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Abstract / Description of output
Heavy menstrual bleeding affects one in four women and negatively impacts quality of life. Ulipristal acetate is prescribed to treat symptoms associated with uterine fibroids. We compared the effectiveness of ulipristal acetate and the levonorgestrel-releasing intrauterine system at reducing the burden of heavy menstrual bleeding, irrespective of the presence of fibroids.
This randomised, open-label, parallel group phase III trial enrolled women over 18 years with heavy menstrual bleeding from 10 UK hospitals. Participants were centrally randomised, in a 1:1 ratio, to either three, 12-week treatment cycles of 5 mg ulipristal acetate daily, separated by 4-week treatment-free intervals, or a levonorgestrel-releasing intrauterine system. The primary outcome, analysed by intention-to-treat, was quality of life measured by the Menorrhagia Multi-Attribute Scale at 12 months. Secondary outcomes included menstrual bleeding and liver function. The trial is registered with ISRCTN, 20426843.
Between June 5th, 2015 and February 26th, 2020, 236 women were randomised, either side of a recruitment suspension due to concerns of ulipristal acetate hepatoxicity. Subsequent withdrawal of ulipristal acetate led to early cessation of recruitment but the trial continued in follow-up. The primary outcome substantially improved in both groups, and was 89, (interquartile range [IQR] 65 to 100, n = 53) and 94, (IQR 70 to 100, n = 50; adjusted odds ratio 0.55, 95% confidence interval [CI] 0.26–1.17; p = 0.12) in the ulipristal and levonorgestrel-releasing intrauterine system groups. Rates of amenorrhoea at 12 months were higher in those allocated ulipristal acetate compared to levonorgestrel-releasing intrauterine system (64% versus 25%, adjusted odds ratio 7.12, 95% CI 2.29–22.2). Other outcomes were similar between the two groups and there were no cases of endometrial malignancy or hepatotoxicity due to ulipristal acetate use.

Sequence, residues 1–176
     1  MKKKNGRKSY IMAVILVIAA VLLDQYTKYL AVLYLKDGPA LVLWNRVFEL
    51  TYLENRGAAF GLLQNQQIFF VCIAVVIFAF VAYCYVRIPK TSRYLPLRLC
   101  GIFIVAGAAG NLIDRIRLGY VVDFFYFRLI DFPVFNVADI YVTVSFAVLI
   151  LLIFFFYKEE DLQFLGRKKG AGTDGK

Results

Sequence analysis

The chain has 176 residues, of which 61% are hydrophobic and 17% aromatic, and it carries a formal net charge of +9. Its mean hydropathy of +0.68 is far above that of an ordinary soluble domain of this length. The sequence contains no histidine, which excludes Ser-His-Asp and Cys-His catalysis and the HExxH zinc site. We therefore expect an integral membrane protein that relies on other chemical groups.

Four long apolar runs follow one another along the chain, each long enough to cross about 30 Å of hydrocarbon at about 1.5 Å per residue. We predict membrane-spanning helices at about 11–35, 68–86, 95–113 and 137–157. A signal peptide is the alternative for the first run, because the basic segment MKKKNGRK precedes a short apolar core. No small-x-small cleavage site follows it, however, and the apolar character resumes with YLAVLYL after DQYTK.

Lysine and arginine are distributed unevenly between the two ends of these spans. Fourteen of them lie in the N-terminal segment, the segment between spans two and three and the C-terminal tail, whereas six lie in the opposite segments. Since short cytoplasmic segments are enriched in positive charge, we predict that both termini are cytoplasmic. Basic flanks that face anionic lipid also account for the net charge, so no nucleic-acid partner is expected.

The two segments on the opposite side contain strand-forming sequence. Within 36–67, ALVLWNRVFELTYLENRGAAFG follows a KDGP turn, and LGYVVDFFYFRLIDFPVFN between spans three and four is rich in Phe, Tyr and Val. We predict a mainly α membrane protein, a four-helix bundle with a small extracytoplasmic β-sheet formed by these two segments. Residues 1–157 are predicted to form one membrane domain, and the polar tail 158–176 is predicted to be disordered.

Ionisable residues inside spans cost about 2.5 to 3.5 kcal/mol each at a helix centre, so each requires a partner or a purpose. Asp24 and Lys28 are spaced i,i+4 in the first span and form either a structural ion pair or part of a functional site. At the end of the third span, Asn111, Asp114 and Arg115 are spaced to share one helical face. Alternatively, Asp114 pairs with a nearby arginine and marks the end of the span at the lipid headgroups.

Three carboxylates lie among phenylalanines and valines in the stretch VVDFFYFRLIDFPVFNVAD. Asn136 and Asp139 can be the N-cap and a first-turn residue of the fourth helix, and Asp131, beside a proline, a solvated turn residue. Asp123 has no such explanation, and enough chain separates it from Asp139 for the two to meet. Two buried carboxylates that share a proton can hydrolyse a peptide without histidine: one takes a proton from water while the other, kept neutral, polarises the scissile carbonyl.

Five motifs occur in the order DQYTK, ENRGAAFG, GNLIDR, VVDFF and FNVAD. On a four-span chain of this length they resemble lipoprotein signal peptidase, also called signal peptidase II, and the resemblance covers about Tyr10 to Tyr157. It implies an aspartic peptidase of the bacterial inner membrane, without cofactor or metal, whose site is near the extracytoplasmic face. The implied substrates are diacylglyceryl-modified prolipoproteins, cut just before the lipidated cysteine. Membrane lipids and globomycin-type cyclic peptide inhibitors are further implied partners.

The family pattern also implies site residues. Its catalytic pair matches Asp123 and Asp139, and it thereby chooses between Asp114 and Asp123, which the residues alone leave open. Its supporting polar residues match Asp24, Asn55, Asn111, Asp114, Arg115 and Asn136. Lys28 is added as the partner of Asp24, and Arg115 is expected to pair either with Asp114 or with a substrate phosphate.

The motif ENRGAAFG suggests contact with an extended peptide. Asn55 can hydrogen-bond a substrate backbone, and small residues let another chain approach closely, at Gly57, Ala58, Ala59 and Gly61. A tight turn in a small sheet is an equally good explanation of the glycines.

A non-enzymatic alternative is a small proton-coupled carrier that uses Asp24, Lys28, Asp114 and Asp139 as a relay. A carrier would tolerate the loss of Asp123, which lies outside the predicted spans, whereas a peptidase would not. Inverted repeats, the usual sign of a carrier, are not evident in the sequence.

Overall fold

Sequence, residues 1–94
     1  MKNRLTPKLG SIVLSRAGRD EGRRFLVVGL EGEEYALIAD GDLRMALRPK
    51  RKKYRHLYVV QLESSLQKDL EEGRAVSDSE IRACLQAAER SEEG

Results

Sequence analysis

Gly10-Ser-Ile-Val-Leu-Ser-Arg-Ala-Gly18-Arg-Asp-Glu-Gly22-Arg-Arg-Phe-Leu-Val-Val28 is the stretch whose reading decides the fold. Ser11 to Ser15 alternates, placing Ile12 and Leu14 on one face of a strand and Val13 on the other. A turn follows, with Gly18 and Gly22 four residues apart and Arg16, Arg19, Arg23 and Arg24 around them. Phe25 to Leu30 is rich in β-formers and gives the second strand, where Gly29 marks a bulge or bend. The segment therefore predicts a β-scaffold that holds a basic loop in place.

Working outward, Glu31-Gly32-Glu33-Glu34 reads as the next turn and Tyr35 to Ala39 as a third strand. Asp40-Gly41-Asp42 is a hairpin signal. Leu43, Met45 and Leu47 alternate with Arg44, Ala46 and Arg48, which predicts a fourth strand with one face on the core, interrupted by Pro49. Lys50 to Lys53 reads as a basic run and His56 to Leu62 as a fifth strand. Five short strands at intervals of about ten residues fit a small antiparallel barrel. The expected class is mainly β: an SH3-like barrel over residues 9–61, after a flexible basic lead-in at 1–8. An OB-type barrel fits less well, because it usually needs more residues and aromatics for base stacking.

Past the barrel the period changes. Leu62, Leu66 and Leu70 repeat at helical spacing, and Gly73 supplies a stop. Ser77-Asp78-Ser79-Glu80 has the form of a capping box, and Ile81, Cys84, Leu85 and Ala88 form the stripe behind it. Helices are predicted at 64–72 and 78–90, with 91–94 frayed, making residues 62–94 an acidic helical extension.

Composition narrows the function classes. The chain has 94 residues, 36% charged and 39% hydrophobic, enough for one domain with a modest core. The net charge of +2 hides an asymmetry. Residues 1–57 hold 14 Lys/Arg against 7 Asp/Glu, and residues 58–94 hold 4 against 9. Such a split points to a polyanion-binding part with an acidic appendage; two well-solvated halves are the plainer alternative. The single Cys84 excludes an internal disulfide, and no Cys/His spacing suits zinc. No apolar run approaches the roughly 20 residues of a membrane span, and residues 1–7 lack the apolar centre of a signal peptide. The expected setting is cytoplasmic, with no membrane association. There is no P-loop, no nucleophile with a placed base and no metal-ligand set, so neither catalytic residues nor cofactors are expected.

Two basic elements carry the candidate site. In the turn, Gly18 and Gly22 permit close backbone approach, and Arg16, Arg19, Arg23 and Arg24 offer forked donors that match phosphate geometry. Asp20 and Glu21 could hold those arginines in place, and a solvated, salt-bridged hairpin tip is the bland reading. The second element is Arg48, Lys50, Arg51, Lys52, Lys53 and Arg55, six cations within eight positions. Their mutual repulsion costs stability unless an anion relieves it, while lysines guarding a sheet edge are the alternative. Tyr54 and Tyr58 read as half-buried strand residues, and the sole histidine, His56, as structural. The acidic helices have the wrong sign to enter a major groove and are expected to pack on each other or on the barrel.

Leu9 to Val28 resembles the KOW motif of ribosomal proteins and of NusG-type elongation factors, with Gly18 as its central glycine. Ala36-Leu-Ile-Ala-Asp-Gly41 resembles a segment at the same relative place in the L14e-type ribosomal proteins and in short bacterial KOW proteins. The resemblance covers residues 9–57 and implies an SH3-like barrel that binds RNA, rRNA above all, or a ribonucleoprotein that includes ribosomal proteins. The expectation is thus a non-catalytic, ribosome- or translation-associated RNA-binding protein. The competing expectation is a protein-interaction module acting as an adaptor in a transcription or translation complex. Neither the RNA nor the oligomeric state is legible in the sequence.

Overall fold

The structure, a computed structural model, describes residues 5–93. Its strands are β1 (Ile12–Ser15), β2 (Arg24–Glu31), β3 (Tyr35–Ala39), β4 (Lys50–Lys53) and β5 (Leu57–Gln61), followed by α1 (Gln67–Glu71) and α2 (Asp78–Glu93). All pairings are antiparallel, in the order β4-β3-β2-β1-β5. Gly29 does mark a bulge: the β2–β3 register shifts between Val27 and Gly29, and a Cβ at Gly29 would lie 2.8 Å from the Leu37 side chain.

Our findings suggested that both treatments improved quality of life. Ulipristal was more effective at inducing amenorrhoea. Ulipristal has been demonstrated to be an effective medical therapeutic option but currently its use has restrictions and requires liver function monitoring.
UK Medical Research Council and National Institute of Health Research EME Programme (12/206/52).
FingerprintDive into the research topics of 'Ulipristal acetate versus levonorgestrel-releasing intrauterine system for heavy menstrual bleeding (UCON): a randomised controlled phase III trial'. Together they form a unique fingerprint.
- 4 Finished
12/09/16 → 11/09/22
Ulipristal acetate versus conventional management of heavy menstrual bleeding (HMB; including uterine fibroids): a randomised controlled trial and exploration of mechanism of action (UCON trial)
1/10/14 → 31/10/21
Full Proposal - Ulipristal acetate versus conventional management of heavy menstrual bleeding (HMB; including uterine fibroids): a randomised controlled trial and exploration of mechanism of action (UCON trial)
1/10/14 → 31/10/21